Make friends, not enemies: Vietnam military strategy of non-alignment

By Hoang Thuy   December 16, 2019 | 04:39 pm PT
Make friends, not enemies: Vietnam military strategy of non-alignment
Vietnamese army forces parade during a ceremony to receive North Korean leader Kim Jong-un in Hanoi, March 1, 2019. Photo by VnExpress/Giang Huy.
In an exclusive interview with VnExpress, Deputy Defense Minister Nguyen Chi Vinh explains why Vietnam will not join any military alliance.

He said being part of such an alliance would be inimical to Vietnam's consistent pursuit of the path of peace, justice and friendship.

In the White Paper on Vietnam National Defense released last month, the nation has reconfirmed its stance on staying out of all military alliances. The paper also emphasizes that Vietnam will not use force or threaten to use force in its international relations.

This policy goes in line with the basic international rule that Vietnam has always given prominence to when it comes to handling disputes and differences, Colonel General Vinh said.

The rule binds all U.N. members to "refrain in their international relations from the threat or use of force against the territorial integrity or political independence of any state, or in any other manner inconsistent with the purposes of the United Nations."

"We do not join military alliances because Vietnam's consistent policy is to make more friends and less enemies.

"Being a part of such an alliance means you have to completely align with one side and possibly have to confront the other, which means more enemies. Vietnam does not stand by any side but peace, reason, justice, and international laws," Vinh said.

On asked if this was the right move for Vietnam in case the nation has to be at war, Vinh said this policy is for the age of peace. In case of war, suitable strategies will be devised to protect the nation, he said.

While Vietnam will not be part of any military alliance, it will enhance its defense cooperation with different countries, seek international support and prevent itself from being isolated, he added.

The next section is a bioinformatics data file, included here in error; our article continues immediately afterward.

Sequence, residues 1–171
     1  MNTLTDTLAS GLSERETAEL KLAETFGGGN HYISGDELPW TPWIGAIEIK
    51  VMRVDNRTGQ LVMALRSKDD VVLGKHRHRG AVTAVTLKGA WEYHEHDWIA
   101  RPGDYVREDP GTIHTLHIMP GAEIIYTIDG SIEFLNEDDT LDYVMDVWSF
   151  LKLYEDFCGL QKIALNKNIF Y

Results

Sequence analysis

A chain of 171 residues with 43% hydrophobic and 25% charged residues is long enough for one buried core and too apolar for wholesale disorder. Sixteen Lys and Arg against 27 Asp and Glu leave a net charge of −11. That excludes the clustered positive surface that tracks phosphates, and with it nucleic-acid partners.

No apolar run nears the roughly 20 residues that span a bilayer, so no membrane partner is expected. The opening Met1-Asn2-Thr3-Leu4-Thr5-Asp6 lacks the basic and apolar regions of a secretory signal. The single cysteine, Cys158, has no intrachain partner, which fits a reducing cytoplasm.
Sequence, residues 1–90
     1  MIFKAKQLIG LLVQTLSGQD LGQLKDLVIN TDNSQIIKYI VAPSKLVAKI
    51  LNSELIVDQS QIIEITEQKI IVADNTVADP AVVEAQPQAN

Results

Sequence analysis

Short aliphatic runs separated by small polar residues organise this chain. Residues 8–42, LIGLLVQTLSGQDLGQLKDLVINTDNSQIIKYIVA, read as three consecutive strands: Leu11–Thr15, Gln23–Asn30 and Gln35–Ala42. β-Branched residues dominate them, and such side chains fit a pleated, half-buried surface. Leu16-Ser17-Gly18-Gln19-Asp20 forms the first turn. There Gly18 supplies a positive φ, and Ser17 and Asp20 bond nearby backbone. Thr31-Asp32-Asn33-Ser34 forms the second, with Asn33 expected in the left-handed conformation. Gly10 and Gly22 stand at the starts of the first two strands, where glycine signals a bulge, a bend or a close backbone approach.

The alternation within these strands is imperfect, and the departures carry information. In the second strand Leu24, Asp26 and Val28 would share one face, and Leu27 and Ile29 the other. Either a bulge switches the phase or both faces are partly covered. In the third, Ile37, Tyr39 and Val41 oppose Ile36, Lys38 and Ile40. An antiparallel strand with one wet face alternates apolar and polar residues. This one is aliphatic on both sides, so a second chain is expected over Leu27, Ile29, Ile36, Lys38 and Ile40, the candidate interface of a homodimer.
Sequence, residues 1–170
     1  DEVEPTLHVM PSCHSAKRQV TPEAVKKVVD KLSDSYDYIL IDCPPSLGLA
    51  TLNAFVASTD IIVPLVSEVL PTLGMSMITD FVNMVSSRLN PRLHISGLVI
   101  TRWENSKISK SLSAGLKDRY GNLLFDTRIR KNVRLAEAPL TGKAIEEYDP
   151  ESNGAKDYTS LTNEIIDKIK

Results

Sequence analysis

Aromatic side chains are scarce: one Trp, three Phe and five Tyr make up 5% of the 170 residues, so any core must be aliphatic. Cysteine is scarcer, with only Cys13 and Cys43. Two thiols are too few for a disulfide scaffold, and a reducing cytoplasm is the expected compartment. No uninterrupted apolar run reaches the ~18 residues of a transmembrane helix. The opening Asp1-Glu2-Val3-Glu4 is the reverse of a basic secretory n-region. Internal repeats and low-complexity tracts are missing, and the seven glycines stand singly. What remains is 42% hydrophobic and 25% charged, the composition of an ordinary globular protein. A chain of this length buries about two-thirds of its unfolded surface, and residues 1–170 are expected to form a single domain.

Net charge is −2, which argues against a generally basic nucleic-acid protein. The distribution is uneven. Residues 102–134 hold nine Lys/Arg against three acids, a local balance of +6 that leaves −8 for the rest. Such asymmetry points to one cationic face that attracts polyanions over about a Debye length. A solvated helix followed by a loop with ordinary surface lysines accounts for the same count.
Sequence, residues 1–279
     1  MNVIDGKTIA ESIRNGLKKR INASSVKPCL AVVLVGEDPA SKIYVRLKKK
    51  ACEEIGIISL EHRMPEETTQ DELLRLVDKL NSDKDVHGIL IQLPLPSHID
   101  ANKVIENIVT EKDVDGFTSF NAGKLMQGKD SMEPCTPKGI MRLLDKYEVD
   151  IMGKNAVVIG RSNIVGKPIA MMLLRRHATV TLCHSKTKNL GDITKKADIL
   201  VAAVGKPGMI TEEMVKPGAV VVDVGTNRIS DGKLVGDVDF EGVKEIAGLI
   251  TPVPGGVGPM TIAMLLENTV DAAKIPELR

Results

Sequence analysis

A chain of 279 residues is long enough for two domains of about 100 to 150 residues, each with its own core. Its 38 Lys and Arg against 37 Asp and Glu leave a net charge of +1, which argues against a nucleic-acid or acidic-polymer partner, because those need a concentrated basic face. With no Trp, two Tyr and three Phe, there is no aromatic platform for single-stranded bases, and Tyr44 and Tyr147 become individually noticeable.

"Given the current international and regional situation, and the country's ability as well as methods to handle current defense challenges, I believe we are qualified to manage our security situation, not to generate impulses and prevent wars from happening."

Vietnamese Deputy Minister of National Defense Colonel General Nguyen Chi Vinh. Photo by VnExpress/Gia Chinh

Vietnam's Deputy Minister of National Defense Colonel General Nguyen Chi Vinh. Photo by VnExpress/Gia Chinh.

In drafting the White Paper, the focus was on two main principles – peace and self-defense.

The Central Military Commission (CMC), the highest party organ in Vietnam on military policy, and the Ministry of National Defense organized many conferences and collected almost 1,000 opinions, either directly or on paper. The defense ministry also sent representatives to former senior military leaders to seek their advice.

When some people expressed concerns over the decision of Vietnam not joining any military alliance, because "alliance" was not clearly identified, the White Paper draft team explained that it would imply that the country will be part of a military bloc with specific goals, use military measures to resolve conflicts against the bloc's opponents, Vinh said. 

Countries that are members of such an alliance will be placed under the leadership of one country, normally a large and powerful one, and will have to adhere to that union's principles, even when they are not entirely compatible with the country, Member nations of such a bloc will no longer be independent and have the autonomy to decide things on their own.

Victory comes with justice

Vinh stressed that throughout its history, Vietnam has never been militarily allied with any nations, and its history of wars has shown that victory only comes with justice and in order to have justice, Vietnam must ensure its independence and autonomy.

He noted that Vietnam received help from the Soviet Union and other socialist nations during the war against the U.S., but did not join the Warsaw Pact, a collective defense treaty signed by the Soviet Union and seven other Eastern Bloc socialist republics of Central and Eastern Europe in 1955.

Although Vietnam is not a part of any military alliance, it has befriended all nations and has repeatedly made efforts to participate in the world's common work, whether it is in sending officers to United Nations peacekeeping missions or in hosting the 2019 North Korea-U.S. Summit in Hanoi this February, Vinh said.

After providing due explanations and justifications, the CMC and the defense ministry reached agreement on the White Paper declaring Vietnam's stance of not being part of any military alliance.

Published in English and Vietnamese, the paper also announces changes in military structure and organization and future directions for the People's Army.

It is divided into three sections: Vietnam's strategic scenario and policies, Vietnam's military development and the history of the People's Army of Vietnam.